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11

Windows Phone poised to overtake RIM?

The technology research group Ovum is predicting that Android will drive smartphone market growth that is expected to double by 2016. The predictions will see Android owning 38% of the market, Apple owning 17.5% and Blackberry holding 16.5%.

What is interesting is that despite all the doom and gloom surrounding the NoDo headaches, Ovum has Windows Phone 7 claiming 17.2% of the market that will put it in the number three spot, ahead of RIM and not too far behind Apple. Ovum credits much of the predicted growth to help given by Nokia and their partnership with Microsoft.

However, Ovum points out that while there are potential rewards to the Nokia/Microsoft deal it also comes with risks. Ovum principal analyst Adam Leach states in the research release,

“For Microsoft the deal provides a committed handset partner that has the potential to make Windows Phone a mainstream smartphone platform. The risk to Microsoft is that other handset makers may choose not to compete with Nokia and may turn their backs on Windows Phone.”

While we all share frustrations over the update woes, this report is just a friendly reminder of the potential Windows Phone 7 has. Who knows, if Microsoft and the carriers can get this update process down pat and Ovum's predictions hold true, Windows Phone 7 might even overtake Apple.

Source: Ovum Via: BGR

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Comments

There are 11 comments. Sign in to comment

x I'm tc says:

I'm pretty sure that Samsung and HTC have what it takes to compete with Nokia, especially in the US. And I strongly suspect Motorola will take a swing at WP, too, since they can't be too excited about becoming commoditized in the Android space.That said, MS needs to get updates out in a major way. WP7 is simply too feature poor to make up for with speed and slickness. I just found out there's no way to stream most audio on this supposedly consumer focused device!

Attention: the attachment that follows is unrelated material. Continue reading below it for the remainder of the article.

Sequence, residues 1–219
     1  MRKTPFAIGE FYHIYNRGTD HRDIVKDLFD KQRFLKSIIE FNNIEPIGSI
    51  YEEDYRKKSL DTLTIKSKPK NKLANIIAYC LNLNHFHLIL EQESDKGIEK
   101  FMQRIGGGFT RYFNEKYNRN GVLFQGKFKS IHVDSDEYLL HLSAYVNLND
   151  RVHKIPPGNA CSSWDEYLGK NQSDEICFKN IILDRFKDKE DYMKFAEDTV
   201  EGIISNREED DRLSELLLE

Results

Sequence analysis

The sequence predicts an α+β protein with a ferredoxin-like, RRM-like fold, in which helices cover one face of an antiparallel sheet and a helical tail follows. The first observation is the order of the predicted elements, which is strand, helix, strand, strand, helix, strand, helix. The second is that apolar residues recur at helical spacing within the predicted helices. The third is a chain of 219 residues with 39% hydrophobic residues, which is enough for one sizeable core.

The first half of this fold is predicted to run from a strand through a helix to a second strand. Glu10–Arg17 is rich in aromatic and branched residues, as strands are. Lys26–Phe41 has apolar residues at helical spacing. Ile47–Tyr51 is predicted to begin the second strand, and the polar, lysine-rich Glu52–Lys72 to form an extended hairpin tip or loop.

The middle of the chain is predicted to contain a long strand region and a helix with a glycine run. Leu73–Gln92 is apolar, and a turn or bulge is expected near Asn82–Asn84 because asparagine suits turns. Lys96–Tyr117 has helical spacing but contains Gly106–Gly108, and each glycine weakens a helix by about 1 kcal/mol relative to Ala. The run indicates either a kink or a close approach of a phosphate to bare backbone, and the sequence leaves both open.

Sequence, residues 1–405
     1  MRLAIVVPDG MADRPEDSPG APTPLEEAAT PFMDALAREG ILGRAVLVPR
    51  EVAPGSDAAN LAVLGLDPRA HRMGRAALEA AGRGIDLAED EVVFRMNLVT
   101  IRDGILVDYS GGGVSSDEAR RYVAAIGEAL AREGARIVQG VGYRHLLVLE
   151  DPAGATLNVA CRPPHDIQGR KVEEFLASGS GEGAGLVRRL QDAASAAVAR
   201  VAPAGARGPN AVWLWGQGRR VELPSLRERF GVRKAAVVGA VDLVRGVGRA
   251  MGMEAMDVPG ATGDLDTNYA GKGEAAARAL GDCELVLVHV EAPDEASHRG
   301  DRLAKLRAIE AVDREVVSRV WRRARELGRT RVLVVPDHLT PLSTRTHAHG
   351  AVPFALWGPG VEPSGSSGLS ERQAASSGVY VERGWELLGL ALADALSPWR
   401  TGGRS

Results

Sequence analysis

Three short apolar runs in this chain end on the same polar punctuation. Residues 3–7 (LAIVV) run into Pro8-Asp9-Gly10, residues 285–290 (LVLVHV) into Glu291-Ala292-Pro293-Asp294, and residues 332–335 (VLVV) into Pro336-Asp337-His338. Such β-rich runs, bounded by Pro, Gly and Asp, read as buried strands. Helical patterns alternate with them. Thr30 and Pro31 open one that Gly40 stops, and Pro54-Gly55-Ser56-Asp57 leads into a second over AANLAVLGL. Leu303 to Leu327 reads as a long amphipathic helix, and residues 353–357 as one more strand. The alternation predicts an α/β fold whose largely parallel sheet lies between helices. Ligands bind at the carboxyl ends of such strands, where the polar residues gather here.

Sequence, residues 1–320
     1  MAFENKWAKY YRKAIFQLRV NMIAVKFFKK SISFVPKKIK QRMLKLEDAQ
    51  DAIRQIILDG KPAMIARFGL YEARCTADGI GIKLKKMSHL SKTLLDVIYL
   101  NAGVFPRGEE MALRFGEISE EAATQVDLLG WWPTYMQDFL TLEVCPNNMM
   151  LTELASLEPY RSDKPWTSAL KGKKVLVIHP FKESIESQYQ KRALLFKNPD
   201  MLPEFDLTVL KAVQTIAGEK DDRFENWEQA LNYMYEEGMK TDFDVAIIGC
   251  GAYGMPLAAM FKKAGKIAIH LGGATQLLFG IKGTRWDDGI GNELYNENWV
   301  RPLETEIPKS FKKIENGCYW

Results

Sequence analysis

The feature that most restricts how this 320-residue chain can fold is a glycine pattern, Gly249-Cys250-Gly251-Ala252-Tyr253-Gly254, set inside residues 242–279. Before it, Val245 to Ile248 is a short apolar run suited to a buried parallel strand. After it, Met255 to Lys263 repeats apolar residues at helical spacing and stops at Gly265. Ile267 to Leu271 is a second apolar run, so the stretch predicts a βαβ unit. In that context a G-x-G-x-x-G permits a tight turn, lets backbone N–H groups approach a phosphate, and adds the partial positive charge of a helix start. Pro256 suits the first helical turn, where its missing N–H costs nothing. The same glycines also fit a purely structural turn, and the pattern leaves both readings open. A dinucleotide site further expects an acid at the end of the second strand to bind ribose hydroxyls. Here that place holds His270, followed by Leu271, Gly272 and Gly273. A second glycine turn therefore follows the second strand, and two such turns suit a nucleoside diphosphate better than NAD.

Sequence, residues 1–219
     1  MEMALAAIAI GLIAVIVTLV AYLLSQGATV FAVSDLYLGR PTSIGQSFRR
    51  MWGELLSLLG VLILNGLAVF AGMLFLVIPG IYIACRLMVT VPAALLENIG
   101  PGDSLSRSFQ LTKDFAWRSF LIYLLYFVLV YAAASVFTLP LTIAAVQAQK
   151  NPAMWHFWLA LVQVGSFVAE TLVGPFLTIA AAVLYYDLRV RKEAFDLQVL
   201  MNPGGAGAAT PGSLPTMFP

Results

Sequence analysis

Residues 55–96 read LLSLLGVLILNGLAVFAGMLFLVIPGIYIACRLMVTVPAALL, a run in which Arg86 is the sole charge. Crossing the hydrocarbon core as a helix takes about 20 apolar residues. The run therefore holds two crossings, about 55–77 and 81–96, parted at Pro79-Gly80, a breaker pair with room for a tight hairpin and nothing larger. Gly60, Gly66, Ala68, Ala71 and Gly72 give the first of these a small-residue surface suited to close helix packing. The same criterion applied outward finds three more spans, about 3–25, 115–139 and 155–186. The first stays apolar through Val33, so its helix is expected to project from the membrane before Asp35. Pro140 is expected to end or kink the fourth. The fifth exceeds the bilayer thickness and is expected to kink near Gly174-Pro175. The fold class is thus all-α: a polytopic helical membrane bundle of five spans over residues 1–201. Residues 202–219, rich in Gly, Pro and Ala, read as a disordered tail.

cdook says:

I heard there's rumors that Motorola is working on a new OS internally. I think they probably want more freedom and control. They don't want the smartphone market to look like the PC industry where everyone has an identical OS.

GP07 says:

That and they probably don't want to hand out OS updates or be forced to with regards to Android etc. If Motorola can limit the OS and spread out the newer version more it would boost sales in the end I'm sure.

dgduris says:

Probably reviving their EPOC (Symbian) phone from the early 1990's!

GP07 says:

People have to remember that much of the stuff MS gets out of the deal with Nokia will also trickle down to the other OEM makers as well. And while Nokia might have one or two pirks it shouldn't hold off HTC, Samsung and others either.

ericesque says:

Poised is a pretty strong word to pull out of one analyst's 5-year forecast of a highly volatile market...Poised implies a state of readiness, and as much as I'm pulling for Windows Phone, ready to overtake RIM it ain't.

devGOD says:

I dont believe that prediction, sorry I like WP7 but after 6 months of nothing but broken promises they have no chance of winning people over. MS is doing what they did with Windows Mobile, pretty much waiting to new handsets come out then waiting for old owner to be frustrated enough to just by the new handset and then 1-2mons later slowly start giving everyone else the update

swc_ant says:

When did MS promise anything beside "early march"?

"Windows Phone poised to overtake RIM?"Ok, but what is surprising? This is the minimum.RIM is already dead in my opinion. I tried the Torch 9800, and definitely this is such a crappy and confusing Frankenstein phone.

wayned#WP says:

A prediction in the tech industry that far into the future. Silly.

taiban says:

As others have mentioned, making a prediction so far in advance for this rapidly changing industry is udderly absurd and therefore has no bearing on the potential of WP7 or whatever version is available by then.An important point not mentioned by George is that Ovum assumes that the majority of Nokia smartphone customers will continue to be so after the switch to WP7. If anything, the WM experience has taught us that when users are forced to switch to a new OS, they're more likely to consider the alternatives and make a complete break with the past. Ovum assumption has yet to be tested.